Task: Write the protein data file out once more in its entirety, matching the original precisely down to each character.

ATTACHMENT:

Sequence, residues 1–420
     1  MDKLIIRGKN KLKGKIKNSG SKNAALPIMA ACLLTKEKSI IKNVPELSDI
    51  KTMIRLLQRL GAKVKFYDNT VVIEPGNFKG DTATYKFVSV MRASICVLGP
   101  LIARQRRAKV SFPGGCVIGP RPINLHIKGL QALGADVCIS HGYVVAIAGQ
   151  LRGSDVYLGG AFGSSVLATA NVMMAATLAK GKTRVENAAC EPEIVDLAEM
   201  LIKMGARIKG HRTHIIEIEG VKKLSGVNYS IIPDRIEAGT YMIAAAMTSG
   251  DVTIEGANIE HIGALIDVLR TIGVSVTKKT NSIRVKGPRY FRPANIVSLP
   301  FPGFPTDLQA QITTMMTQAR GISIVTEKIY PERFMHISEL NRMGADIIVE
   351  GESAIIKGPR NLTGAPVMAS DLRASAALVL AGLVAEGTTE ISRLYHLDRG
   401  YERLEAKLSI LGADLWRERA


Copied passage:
Sequence, residues 1–420
     1  MDKLIIRGKN KLKGKIKNSG SKNAALPIMA ACLLTKEKSI IKNVPELSDI
    51  KTMIRLLQRL GAKVKFYDNT VVIEPGNFKG DTATYKFVSV MRASICVLGP
   101  LIARQRRAKV SFPGGCVIGP RPINLHIKGL QALGADVCIS HGYVVAIAGQ
   151  LRGSDVYLGG AFGSSVLATA NVMMAATLAK GKTRVENAAC EPEIVDLAEM
   201  LIKMGARIKG HRTHIIEIEG VKKLSGVNYS IIPDRIEAGT YMIAAAMTSG
   251  DVTIEGANIE HIGALIDVLR TIGVSVTKKT NSIRVKGPRY FRPANIVSLP
   301  FPGFPTDLQA QITTMMTQAR GISIVTEKIY PERFMHISEL NRMGADIIVE
   351  GESAIIKGPR NLTGAPVMAS DLRASAALVL AGLVAEGTTE ISRLYHLDRG
   401  YERLEAKLSI LGADLWRERA